Also disclosed are compositions, wherein the average feature height is about 1.1, 2, 3, 4, 5, 6, 7, 8, 9, 10, 12, 13, 14, or 15 times the average feature width.

Also disclosed are compositions, wherein the average inter-feature distance to average feature width ratio is from about 0.1 to about 100, 0.1 to 50, 5-50, 10-30, or 0.2 to 0.5.

Also disclosed are compositions, wherein the average inter-feature distance to average feature width ratio is about 0.2 to 4, 0.3 to 3, 0.3 to 2, or about 0.36.

Also disclosed are compositions, wherein the variable hydrophobicity agent comprises an organic photochrome having a polar form and a nonpolar form.

Also disclosed are compositions, wherein the variable hydrophobicity agent has predominantly the polar form when exposed to light having a first wavelength.

Also disclosed are compositions, wherein the variable hydrophobicity agent has predominantly the nonpolar form when exposed to light having a second wavelength.

Also disclosed are compositions, wherein the first wavelength is less than the second wavelength.

Also disclosed are compositions, wherein the variable hydrophobicity agent comprises a spiropyran compound.

Also disclosed are compositions, further comprising a fluid droplet in contact with the surface.

Also disclosed are compositions, wherein the fluid droplet contact with the surface has a contact angle of at least about 155 to 170 degrees.

Also disclosed are compositions, wherein the fluid droplet contact with the surface has a contact angle of about 170 to 180 degrees.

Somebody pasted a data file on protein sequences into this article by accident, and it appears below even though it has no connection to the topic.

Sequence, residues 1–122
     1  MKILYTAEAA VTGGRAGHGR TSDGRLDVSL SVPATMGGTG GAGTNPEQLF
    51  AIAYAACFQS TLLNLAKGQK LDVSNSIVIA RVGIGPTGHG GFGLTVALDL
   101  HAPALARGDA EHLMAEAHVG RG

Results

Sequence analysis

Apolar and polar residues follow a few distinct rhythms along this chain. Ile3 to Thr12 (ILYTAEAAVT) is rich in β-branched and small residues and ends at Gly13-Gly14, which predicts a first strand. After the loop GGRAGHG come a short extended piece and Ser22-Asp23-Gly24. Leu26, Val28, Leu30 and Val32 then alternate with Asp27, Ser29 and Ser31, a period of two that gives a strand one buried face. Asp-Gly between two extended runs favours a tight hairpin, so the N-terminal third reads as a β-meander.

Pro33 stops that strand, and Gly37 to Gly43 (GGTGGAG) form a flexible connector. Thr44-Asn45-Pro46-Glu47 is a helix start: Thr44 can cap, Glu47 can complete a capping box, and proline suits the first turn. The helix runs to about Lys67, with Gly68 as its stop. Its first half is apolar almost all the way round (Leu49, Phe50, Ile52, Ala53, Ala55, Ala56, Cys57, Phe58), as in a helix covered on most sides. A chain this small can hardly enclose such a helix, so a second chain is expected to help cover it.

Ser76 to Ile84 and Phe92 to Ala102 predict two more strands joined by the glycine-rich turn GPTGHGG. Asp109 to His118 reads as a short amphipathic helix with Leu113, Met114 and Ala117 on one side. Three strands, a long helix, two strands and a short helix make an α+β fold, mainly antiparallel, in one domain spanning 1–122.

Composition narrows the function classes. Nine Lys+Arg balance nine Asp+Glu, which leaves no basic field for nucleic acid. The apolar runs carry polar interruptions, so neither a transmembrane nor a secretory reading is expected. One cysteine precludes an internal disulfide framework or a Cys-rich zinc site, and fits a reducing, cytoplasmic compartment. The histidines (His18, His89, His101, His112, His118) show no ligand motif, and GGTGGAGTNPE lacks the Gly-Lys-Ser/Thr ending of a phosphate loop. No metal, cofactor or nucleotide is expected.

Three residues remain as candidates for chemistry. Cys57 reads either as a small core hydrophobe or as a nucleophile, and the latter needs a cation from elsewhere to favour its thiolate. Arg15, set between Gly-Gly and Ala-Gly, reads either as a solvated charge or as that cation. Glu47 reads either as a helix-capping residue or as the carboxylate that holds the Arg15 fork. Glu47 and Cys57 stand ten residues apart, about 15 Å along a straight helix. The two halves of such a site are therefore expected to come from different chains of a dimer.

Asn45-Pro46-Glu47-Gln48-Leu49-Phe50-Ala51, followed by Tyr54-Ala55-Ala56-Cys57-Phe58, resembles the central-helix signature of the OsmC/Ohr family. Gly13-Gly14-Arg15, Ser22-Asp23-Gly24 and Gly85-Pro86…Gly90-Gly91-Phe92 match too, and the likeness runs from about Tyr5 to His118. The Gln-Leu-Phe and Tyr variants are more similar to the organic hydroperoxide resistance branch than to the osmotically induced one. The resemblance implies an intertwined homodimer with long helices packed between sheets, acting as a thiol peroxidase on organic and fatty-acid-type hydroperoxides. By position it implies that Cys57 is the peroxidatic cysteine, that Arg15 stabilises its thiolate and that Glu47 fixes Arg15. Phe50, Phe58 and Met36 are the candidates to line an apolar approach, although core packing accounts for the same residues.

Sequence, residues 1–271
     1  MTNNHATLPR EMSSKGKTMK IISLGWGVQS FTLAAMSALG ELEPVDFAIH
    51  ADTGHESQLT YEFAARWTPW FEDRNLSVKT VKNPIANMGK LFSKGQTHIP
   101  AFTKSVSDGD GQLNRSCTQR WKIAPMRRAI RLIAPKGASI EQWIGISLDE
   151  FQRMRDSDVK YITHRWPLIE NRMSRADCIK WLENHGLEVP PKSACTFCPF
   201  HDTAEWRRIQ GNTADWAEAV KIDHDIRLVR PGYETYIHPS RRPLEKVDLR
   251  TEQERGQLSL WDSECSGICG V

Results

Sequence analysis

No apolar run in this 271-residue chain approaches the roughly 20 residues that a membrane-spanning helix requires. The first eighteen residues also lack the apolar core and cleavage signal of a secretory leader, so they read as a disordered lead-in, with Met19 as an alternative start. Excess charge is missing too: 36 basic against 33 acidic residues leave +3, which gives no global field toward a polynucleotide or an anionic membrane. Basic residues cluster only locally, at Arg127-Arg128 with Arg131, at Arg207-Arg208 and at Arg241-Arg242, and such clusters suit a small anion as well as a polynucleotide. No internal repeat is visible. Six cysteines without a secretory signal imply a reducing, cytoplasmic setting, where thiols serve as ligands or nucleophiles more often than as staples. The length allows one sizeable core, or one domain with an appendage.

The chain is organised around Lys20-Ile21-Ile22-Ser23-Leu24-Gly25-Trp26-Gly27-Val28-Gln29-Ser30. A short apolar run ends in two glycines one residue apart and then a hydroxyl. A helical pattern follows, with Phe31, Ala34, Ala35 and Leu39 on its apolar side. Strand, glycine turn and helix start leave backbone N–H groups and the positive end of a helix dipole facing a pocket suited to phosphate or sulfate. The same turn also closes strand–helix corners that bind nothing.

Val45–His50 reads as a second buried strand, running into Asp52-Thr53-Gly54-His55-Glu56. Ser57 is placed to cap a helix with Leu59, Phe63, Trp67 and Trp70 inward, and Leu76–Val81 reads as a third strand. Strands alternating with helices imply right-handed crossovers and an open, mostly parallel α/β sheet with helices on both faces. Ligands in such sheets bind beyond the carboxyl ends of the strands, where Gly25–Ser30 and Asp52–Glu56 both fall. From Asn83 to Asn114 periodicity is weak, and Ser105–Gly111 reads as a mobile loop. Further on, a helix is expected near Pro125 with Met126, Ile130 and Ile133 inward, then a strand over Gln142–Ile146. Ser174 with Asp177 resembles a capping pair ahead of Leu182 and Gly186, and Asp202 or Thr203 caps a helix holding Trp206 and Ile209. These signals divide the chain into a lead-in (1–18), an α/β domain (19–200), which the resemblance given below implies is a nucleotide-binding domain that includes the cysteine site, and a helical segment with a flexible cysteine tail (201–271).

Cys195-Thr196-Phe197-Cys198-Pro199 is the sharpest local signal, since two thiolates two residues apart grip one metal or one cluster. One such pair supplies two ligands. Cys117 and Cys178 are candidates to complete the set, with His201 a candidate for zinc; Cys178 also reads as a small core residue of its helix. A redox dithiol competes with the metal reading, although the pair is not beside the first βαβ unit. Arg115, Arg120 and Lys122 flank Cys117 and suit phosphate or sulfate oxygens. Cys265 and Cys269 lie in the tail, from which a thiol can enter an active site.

Disclosed are compositions comprising a photosensitive variable hydrophobicity agent coated on a rough surface, wherein the surface has a three dimensional fractal dimension of at least about 2.2.

Also disclosed are compositions, wherein the surface has a three-dimensional fractal dimension of about 2.54.

Also disclosed are hydrophobicity variable molecules which are molecules which under different conditions have different effects on the hydrophobicity characteristics of a surface to which they are attached. A spiropyran is an example of a a hydrophobicity variable molecule.

(1) Photoresponsive Molecules

(a) Organic Photochromes

(i) Spiropyras

Spiropyrans are a class of organic photochromes that undergo a reversible transition from a closed, nonpolar form to a highly polar, open form when irradiated with higher energy, shorter wavelength light (e.g., ultraviolet (UV) light (e.g., 366 nm)). (FIG. 5).